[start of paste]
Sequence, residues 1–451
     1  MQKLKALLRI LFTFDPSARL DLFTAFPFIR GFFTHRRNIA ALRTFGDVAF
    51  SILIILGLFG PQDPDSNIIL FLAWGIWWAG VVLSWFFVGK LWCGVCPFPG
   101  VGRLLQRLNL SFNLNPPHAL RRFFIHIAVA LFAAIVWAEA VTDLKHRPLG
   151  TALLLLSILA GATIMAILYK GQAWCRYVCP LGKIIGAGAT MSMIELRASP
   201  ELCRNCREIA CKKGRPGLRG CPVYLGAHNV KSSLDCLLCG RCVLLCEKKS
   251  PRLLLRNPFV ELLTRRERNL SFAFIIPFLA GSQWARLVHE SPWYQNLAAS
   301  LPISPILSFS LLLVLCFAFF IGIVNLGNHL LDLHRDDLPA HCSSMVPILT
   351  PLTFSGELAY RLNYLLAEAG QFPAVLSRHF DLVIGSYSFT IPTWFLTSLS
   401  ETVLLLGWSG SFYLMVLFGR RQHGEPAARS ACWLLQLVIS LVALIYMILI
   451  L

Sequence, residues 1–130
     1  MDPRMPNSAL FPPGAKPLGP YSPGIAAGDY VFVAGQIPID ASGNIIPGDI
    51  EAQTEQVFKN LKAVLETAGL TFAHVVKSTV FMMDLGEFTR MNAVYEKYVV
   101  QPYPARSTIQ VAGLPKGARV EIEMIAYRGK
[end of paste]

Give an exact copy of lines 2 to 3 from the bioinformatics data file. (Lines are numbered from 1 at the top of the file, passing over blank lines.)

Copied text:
     1  MQKLKALLRI LFTFDPSARL DLFTAFPFIR GFFTHRRNIA ALRTFGDVAF
    51  SILIILGLFG PQDPDSNIIL FLAWGIWWAG VVLSWFFVGK LWCGVCPFPG